I worried when Jessica was diagnosed that she would lose her childhood. Of course, as fate would have it, she was diagnosed right before Halloween. There is no good time to be diagnosed, but we had already picked out costumes and Jessica had begun dreaming of bags and bags of candy. We coped as we had to. We read a book to Jessica about celebrating Halloween with diabetes. My mommy guilt fostered creativity, and the "Halloween Fairy" paid a visit, leaving a path of glitter across the kids' bedroom floor. Jessica still had fun trick or treating with her friends, and then both her and her sister saved 5 pieces of candy and put the rest in a bag that they decorated for the Halloween Fairy. I woke that morning to the gleeful sounds of their laughter and squeals as they saw not only the glitter path, but the presents that had been left in return for the candy. One big, huge milestone was successfully crossed.
Of course, the hurdles continued and many more lie ahead.
It has been an interesting year. I never realized how much every holiday revolves around food until Jess developed Type 1. Suddenly, the holidays were not just to be looked forward to. They were each a challenge to figure out how to maintain their magic, all while keeping Jessica on a strict meal plan. Candy and donuts poured into Jess's classroom and car rides home were full of tears of what no longer was to be. But, we survived and we learned from each experience.
Suddenly, the school year was ending and the big question loomed...what would we do about the summer? Jess and her sister have always gone to summer camp. They love it. They love meeting new friends, and all the fun summer camp brings. I don't think it ever even occurred to Jessica that she wouldn't go to camp this summer. My husband and I explored resources and struggled with what to do. I remember being so frustrated as I could not find anyone else who had sent their Type 1 diabetic child to summer camp...normal day camp...not the one week diabetes sleepover camps that I know are amazing, but leave working parents with the question of what to do with the child the rest of the summer. We called the local camps. None of them have nurses, and one downright refused to take her.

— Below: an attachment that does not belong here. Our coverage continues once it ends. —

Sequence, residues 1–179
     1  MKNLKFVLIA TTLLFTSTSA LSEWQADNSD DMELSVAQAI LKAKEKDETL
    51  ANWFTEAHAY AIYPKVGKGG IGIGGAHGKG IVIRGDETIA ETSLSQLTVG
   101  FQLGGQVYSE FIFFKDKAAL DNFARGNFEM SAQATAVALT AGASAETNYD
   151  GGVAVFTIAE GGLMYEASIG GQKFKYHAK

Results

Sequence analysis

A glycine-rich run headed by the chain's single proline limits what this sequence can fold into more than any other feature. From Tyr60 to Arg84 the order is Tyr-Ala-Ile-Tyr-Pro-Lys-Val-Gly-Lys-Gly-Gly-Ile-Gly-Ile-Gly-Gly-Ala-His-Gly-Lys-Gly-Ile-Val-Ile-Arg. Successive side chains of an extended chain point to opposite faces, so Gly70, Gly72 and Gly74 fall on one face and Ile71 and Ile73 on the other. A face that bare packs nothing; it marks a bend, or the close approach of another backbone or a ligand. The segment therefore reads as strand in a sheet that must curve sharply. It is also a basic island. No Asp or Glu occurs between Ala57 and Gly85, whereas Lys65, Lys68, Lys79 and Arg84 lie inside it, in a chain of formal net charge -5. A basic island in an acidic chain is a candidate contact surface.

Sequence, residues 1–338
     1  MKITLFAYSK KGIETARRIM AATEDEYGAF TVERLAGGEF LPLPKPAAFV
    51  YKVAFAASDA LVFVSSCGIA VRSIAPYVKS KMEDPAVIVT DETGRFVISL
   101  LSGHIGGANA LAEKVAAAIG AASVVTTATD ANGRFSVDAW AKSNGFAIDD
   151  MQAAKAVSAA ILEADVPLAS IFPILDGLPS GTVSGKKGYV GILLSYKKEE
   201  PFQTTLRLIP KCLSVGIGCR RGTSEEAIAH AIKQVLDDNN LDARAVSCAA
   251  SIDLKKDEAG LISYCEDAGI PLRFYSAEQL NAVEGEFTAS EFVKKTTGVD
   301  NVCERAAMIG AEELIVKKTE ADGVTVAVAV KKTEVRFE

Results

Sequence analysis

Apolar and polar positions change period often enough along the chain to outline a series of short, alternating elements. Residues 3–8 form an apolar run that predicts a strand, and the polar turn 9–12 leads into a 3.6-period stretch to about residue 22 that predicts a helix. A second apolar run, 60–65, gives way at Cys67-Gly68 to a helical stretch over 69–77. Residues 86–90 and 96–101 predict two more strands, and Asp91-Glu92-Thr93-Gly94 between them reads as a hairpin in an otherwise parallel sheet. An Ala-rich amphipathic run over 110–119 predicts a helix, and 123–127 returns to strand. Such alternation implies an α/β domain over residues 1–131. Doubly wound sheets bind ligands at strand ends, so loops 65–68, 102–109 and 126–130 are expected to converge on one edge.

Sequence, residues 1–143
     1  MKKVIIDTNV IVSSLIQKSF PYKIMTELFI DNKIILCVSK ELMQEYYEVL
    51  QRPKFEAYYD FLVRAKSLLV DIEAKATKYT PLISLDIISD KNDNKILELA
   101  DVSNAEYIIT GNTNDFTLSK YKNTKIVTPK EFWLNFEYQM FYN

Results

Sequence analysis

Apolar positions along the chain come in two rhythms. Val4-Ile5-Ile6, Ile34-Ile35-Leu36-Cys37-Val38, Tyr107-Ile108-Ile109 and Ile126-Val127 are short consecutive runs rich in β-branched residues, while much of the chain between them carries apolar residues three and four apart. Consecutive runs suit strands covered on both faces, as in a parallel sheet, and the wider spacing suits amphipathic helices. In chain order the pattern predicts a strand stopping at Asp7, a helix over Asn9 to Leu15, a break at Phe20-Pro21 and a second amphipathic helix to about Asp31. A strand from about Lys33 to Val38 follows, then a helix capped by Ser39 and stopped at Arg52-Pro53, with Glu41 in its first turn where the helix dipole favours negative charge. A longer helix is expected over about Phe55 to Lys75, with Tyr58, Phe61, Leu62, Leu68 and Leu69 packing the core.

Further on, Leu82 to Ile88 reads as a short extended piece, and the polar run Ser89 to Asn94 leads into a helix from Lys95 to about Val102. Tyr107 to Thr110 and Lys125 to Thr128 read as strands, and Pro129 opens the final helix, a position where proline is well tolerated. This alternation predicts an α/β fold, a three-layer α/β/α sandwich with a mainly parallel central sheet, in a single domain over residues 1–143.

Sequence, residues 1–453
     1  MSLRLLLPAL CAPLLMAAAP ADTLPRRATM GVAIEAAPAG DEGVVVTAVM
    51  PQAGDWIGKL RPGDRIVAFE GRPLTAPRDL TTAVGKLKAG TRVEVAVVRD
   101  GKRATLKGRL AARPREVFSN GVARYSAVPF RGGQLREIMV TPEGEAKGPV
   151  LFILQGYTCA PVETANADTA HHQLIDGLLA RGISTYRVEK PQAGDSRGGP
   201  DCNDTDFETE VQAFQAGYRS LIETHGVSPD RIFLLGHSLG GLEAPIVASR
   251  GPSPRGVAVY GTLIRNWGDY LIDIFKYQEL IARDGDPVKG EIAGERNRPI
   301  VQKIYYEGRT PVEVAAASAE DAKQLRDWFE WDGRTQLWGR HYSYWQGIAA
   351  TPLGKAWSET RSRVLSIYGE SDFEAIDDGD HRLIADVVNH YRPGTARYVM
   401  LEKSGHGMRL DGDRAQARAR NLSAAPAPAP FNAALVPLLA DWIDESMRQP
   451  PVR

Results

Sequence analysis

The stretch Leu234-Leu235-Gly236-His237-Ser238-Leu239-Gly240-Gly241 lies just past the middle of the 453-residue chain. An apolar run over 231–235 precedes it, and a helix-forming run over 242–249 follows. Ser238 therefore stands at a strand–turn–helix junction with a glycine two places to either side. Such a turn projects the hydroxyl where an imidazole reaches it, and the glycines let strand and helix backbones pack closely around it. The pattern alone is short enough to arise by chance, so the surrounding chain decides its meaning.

We took the leap and with great fear enrolled her in a local day camp. The beginning was incredibly rough...a future post will provide details and recommendations. I arrived at work crying and shaking with fear that I would be getting a call any moment that she was on her way to the hospital in an ambulance. The camp counselors are not allowed to use glucagon. If she gets that low then no one could help her and the ambulance would be called. She was only 7 and the camp counselors and director had no experience or knowledge about diabetes. We and a good friend have taken turns going at lunch to give her an insulin shot and check on her. It has been a terrifying summer.
But, with now only two weeks left of camp, I can take a step back and look at the victories and the growth that have developed. I have always felt that without fear and uncertainty there can be no growth. This summer has demonstrated that beyond leaps and bounds.
Jess has done it, She has learned to manage her diabetes almost entirely by herself. She came home one day so excited to tell us that there had been ice pops at camp. She had asked to see the box, looked at the serving size and carbs, and made the decision that since they were only 3 grams of carbs she could have one. We were blown away. I can't even teach half of my adult patients that concept. She has managed her lows. She has managed the increased activity of camp by adjusting what she eats. While we are not out of the woods yet, and I am still nervously counting down the last two weeks of camp, Jessica's accomplishments have surpassed our wildest dreams.
And tonight, we nervously checked her HgbA1c, and were surprised and elated to see the number 7.3 pop up on the screen. We had decided that it was more important to us that Jessica have a normal childhood this summer then have good blood sugar control. Once again, she surprised us and was able to do both.
Do not let diabetes stop your child. They can do anything at all if you just help them. Children are capable of so much if we give them the freedom and wings to obtain it. Support them, problem solve with them, and believe in them. But, don't let diabetes steal their childhood. It doesn't have to.